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Spinal Immobilization

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Presentation on theme: "Spinal Immobilization"— Presentation transcript:

1 Spinal Immobilization
Erin Burnham, MD -

2 To Cspine or not to Cspine?
That is the Question!

3 Framework for Discussion
Who should be immobilized? How should they be immobilized? How can we Assure Quality?

4 Who should be immobilized?

5 Goal Clearing C-spine in the field?

6 Case: 78 yo male An 78 yo male brought in Code-3 by EMS after cardiac arrest. Dispatched for “possible heart attack”. Hx: Had been fishing that morning with son with no complaints. Stood up from recliner chair and collapsed onto ground.

7 Case: 78 yo male Paramedics found patient apneic, pulseless
EKG showed V-fib Patient was successfully defibrillated in field with ROSC.

8 Case: 78 yo male Pt arrives in ED in NSR, intubated with no spontaneous respiratory effort. He is placed in C-collar in ED because noted to have contusion on forehead.

9 Case: 78 yo male CT scan of head is normal
CT scan of C-spine revealed type II odontoid fracture with displacement EKG and labs unremarkable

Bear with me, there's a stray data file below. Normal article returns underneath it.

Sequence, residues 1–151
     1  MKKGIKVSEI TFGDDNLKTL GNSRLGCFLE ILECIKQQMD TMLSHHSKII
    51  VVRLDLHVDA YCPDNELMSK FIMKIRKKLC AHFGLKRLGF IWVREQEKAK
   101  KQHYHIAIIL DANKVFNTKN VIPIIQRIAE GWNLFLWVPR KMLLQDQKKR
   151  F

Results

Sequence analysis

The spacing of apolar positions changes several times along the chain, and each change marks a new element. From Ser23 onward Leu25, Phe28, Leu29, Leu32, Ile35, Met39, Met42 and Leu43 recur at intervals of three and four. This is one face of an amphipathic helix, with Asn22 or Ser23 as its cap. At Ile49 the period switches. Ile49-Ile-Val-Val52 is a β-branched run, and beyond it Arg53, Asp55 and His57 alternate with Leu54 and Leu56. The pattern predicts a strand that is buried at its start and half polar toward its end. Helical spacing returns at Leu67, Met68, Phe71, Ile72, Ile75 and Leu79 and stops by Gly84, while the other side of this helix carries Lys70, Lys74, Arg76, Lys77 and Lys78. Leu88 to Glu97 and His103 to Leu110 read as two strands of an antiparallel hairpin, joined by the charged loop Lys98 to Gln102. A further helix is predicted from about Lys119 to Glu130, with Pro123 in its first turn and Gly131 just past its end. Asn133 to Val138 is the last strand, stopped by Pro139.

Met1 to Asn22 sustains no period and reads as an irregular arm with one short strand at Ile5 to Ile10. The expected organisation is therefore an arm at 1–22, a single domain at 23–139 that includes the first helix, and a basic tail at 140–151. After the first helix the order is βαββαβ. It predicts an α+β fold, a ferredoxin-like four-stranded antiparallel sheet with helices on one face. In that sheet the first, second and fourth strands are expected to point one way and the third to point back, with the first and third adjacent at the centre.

10 Case: 78 yo male Family elects to have patient extubated, and he expires in ED Would pre-hospital immobilization have effected outcome? Medico-legal liability?

11 Case: 49 yo male Motorcycle vs Deer Speed estimated at 45 mph.
Patient can’t remember exactly what caused accident, but EMT’s find dead deer nearby. Was wearing full leathers/helmet He was not intoxicated

12 Case: 49 yo male Only c/o L. Shoulder pain
Patient arrives not in spinal immobilization Placed in c-collar in ED L. Scapula fracture, 2 rib fractures and small L. PTX identified

13 Case: 49 yo male CT head and C-spine obtained CT head is normal
C-5 transverse process fracture identified

14 Case: 49 yo male Fracture is stable and doesn’t effect his outcome
He is transferred to a trauma center Uneventful recovery Out windsurfing a few weeks ago

15 Goal Clearing C-spine in the field?
Provide clear, simple and safe guidelines for prehospital spinal immobilization.

16 Why should we immobilize patients?

17 Why immobilize? 253,000 people in US living with spinal cord injuries
12,000 new cases each year In US, cost of MVC related SCI estimated $34.8 billion per year 5 million patients in the US receive spinal immobilization each year Spinal Cord Injury Information Network (www.spinalcord.uab.edu)

18 Epidemiology 77.8% males Average age of injury is increasing: